World's best player

Within a few years he became golf's first superstar since the days of Young Tom Morris. In 1896, Vardon won the first of his record six Open Championships (a record that still stands today). Vardon had great rivalries with James Braid and J.H. Taylor, who each won five Open Championships; together the three formed the 'Great Triumvirate', and dominated worldwide golf from the mid-1890s to the mid-1910s. These rivalries enormously increased the public's interest in golf.

Tours United States and Canada

He became golf's first international celebrity in 1900 when he toured the United States and Canada, together with Taylor. Vardon played in more than 80 matches and capped it off with a victory in the U.S. Open, where Taylor was second. Vardon wrote that while on this tour, he lost only two matches[6] while playing head-to-head against a single opponent, and both were against the Boston professional Bernard (Ben) Nicholls,[7] older brother of Gilbert Nicholls; the Nicholls brothers had recently emigrated from the British Isles.

Twice runner-up in U.S. Opens

Vardon was the runner-up at his next U.S. Open in 1913, an event portrayed in the film The Greatest Game Ever Played. He toured North America with Ted Ray that year, as he did once more in 1920. At the age of 50, Vardon was again the runner-up in his third and final U.S. Open appearance, in 1920.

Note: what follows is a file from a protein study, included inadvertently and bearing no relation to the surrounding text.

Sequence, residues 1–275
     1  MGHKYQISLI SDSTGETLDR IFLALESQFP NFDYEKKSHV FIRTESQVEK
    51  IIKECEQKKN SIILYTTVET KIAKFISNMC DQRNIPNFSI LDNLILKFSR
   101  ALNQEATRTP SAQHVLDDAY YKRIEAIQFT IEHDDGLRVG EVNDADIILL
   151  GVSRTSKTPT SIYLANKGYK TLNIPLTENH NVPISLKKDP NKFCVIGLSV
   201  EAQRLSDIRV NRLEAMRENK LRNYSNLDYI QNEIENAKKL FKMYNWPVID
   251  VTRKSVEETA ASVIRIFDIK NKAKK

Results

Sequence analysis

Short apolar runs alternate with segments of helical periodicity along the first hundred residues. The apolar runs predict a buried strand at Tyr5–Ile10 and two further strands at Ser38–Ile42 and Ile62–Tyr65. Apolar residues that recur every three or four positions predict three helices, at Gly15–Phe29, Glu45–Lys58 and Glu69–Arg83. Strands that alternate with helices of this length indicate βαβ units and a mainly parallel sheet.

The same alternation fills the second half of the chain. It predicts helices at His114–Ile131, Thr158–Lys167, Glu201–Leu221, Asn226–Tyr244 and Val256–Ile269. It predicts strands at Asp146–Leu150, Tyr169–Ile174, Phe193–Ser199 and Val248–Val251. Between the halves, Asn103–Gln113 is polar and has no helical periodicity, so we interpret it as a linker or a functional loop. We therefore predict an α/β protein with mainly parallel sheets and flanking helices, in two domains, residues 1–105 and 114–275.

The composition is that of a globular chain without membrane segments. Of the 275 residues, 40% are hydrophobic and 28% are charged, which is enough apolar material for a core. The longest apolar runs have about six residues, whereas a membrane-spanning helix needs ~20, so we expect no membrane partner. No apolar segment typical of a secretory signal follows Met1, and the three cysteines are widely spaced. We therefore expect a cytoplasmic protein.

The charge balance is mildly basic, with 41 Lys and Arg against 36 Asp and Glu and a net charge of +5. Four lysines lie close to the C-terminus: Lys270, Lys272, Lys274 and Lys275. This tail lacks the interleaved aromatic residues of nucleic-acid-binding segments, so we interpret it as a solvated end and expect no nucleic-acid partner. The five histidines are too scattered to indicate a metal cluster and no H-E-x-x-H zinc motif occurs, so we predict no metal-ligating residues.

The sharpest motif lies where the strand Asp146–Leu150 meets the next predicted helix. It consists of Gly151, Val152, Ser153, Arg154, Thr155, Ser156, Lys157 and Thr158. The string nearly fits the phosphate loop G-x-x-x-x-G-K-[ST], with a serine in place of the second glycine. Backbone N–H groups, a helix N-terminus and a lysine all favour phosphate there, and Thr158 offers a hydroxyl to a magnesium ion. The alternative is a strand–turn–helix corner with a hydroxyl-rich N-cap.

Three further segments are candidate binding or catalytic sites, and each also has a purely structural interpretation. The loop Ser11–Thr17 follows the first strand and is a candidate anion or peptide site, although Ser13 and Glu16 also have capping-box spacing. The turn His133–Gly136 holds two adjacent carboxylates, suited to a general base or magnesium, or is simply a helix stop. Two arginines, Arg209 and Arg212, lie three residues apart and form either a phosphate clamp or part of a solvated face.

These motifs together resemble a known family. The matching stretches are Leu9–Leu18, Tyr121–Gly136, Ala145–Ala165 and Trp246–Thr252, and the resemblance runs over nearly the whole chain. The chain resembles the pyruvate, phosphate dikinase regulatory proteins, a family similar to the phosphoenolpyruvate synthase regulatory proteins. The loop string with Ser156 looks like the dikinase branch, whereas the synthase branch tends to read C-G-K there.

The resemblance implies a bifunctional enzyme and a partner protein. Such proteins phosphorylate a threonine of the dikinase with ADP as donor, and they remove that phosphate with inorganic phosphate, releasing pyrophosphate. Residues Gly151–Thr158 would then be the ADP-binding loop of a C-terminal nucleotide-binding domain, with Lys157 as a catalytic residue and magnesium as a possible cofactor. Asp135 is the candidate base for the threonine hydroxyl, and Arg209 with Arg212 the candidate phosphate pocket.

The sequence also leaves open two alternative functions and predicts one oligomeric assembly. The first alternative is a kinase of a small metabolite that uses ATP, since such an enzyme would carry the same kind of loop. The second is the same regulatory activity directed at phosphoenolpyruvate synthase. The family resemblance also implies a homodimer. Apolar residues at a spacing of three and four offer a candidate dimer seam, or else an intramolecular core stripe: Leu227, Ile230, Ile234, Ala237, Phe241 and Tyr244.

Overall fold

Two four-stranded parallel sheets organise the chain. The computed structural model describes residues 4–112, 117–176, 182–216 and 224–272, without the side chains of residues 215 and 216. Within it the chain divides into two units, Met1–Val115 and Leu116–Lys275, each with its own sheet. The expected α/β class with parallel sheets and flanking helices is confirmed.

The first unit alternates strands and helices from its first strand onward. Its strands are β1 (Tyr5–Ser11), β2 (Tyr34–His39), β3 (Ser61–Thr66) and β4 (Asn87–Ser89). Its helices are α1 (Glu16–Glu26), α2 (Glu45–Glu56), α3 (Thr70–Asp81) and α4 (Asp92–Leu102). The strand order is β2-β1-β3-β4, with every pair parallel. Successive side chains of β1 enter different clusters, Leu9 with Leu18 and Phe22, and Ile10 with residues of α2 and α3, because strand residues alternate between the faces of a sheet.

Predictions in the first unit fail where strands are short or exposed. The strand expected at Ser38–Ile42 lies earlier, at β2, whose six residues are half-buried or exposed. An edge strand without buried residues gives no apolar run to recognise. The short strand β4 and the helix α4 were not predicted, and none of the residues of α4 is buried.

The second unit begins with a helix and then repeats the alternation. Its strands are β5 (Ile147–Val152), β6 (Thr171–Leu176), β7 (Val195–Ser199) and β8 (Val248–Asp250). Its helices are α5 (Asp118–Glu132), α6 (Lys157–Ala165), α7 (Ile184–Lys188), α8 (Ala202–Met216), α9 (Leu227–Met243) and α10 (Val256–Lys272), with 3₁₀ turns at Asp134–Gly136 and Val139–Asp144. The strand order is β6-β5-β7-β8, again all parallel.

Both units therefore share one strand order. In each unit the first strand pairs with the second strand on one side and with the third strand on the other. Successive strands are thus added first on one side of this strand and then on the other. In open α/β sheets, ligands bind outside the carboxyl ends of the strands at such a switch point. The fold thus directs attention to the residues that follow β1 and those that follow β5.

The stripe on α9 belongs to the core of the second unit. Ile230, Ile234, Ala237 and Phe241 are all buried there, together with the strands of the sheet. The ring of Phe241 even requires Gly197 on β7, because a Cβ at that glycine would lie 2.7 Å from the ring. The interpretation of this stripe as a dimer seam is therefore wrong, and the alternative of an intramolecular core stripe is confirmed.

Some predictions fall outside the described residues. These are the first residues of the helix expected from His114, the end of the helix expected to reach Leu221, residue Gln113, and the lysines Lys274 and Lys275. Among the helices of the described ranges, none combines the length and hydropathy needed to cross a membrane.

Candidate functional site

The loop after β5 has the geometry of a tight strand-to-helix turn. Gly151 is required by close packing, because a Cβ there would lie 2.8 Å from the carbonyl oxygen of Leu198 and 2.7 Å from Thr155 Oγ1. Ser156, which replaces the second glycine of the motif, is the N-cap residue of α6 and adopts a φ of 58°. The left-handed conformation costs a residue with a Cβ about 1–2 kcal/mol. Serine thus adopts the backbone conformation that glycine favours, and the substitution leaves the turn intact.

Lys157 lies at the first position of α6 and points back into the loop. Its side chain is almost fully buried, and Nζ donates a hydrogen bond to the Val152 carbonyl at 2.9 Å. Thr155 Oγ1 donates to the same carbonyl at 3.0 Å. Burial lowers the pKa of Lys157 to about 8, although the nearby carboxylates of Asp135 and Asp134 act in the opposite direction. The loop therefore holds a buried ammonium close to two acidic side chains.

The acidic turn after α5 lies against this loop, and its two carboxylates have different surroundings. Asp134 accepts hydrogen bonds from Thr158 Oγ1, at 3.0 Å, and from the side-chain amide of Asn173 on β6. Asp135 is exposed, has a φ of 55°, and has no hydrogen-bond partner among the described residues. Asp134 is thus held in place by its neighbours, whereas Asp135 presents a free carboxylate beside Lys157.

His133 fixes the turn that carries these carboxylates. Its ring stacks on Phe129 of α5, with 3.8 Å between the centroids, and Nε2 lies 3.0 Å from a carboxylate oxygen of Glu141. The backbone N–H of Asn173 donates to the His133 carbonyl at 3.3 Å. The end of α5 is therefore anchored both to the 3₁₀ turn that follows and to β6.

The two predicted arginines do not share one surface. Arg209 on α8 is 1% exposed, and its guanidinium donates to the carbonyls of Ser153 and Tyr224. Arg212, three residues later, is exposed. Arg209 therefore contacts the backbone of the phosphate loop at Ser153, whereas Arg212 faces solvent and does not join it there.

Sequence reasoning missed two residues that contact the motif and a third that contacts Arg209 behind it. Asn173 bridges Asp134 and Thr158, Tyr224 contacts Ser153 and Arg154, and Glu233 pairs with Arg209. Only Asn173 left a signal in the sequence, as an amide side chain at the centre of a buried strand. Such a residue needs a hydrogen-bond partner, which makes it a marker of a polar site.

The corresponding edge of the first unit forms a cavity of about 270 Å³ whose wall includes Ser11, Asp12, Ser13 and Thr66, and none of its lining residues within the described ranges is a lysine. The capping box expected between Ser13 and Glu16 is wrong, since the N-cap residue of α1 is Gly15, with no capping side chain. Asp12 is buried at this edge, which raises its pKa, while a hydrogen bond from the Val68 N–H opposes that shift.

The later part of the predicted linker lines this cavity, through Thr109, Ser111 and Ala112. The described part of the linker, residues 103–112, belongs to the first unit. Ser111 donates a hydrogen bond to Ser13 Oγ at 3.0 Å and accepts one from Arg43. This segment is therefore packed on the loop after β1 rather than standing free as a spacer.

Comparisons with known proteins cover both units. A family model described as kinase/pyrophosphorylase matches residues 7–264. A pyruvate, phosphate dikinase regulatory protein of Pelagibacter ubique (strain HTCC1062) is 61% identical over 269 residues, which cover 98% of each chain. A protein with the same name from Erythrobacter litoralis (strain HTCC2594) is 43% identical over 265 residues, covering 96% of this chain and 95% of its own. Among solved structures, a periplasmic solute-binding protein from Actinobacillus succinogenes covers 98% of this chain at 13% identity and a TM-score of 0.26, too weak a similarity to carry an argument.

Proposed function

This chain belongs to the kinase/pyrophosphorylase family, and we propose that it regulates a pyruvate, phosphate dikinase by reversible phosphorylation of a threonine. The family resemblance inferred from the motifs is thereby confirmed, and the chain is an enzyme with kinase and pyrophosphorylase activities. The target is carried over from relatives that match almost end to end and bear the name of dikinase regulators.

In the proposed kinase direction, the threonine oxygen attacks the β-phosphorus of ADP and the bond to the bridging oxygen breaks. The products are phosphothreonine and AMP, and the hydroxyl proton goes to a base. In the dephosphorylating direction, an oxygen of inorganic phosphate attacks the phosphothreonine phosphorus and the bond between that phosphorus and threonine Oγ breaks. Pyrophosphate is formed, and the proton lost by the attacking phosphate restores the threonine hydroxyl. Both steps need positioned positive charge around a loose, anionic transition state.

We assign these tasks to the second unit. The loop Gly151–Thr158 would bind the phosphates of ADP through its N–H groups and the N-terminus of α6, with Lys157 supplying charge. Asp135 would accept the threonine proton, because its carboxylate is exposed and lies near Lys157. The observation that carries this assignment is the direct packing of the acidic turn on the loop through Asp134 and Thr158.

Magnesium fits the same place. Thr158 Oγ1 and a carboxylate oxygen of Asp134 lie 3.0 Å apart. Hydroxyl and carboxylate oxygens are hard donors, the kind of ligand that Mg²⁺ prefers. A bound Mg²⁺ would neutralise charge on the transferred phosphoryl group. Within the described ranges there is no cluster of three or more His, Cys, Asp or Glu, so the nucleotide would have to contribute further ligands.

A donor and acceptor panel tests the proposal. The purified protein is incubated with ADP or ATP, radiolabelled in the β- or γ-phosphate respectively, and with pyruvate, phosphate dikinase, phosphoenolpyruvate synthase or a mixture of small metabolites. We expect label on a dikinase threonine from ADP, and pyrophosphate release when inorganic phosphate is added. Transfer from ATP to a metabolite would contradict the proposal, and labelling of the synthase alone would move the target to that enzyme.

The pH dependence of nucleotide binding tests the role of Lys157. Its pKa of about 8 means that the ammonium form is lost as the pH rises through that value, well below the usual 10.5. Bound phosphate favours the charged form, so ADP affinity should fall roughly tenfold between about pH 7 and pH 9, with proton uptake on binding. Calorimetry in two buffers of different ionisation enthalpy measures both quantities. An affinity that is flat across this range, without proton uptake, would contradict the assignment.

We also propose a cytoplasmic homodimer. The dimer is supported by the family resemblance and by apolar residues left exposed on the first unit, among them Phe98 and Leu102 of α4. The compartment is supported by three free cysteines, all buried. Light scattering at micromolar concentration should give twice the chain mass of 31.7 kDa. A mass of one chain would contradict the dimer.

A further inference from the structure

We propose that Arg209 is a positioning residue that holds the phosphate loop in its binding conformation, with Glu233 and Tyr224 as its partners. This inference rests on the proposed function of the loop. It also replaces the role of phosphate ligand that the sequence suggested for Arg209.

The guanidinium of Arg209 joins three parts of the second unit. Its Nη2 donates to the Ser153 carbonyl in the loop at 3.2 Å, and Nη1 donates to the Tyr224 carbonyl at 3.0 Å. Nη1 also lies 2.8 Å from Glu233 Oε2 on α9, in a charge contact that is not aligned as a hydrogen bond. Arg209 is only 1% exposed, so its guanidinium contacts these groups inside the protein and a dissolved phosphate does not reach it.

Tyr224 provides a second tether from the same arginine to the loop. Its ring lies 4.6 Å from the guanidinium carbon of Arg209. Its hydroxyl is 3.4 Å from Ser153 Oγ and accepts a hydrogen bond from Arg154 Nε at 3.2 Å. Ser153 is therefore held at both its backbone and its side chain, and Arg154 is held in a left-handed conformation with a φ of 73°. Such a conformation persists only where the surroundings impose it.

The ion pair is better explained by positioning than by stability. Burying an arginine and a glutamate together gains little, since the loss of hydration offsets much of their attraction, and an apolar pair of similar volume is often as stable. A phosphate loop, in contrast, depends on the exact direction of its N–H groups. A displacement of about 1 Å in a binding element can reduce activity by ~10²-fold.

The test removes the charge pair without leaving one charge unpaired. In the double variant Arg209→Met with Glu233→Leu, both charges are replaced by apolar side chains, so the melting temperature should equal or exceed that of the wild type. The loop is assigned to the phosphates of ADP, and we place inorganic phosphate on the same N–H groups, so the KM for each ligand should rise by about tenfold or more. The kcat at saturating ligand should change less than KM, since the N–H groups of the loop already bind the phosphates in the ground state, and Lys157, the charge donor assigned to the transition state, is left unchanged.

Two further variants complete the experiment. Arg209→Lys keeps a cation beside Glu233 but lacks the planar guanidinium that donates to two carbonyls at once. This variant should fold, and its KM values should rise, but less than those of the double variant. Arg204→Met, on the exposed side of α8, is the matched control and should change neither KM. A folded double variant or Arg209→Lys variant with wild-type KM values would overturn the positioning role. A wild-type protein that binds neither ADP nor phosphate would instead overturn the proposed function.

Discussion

Overcomes tuberculosis

During his career, Vardon won 62 tournaments; that was the most titles won by a single player to that juncture in golf history. He won the German Open in 1911 and the British PGA Matchplay Championship in 1912. Vardon popularised the overlapping grip that bears his name, one still used by over 90 percent of golfers. In his later years, he became a golf course architect, designing several courses in Britain, Llandrindod Wells Golf Club, Woodhall Spa and Radcliffe-on-Trent being notable examples. Following a bout with tuberculosis, he struggled with health problems for years, but turned to coaching and writing golf instruction and inspirational books.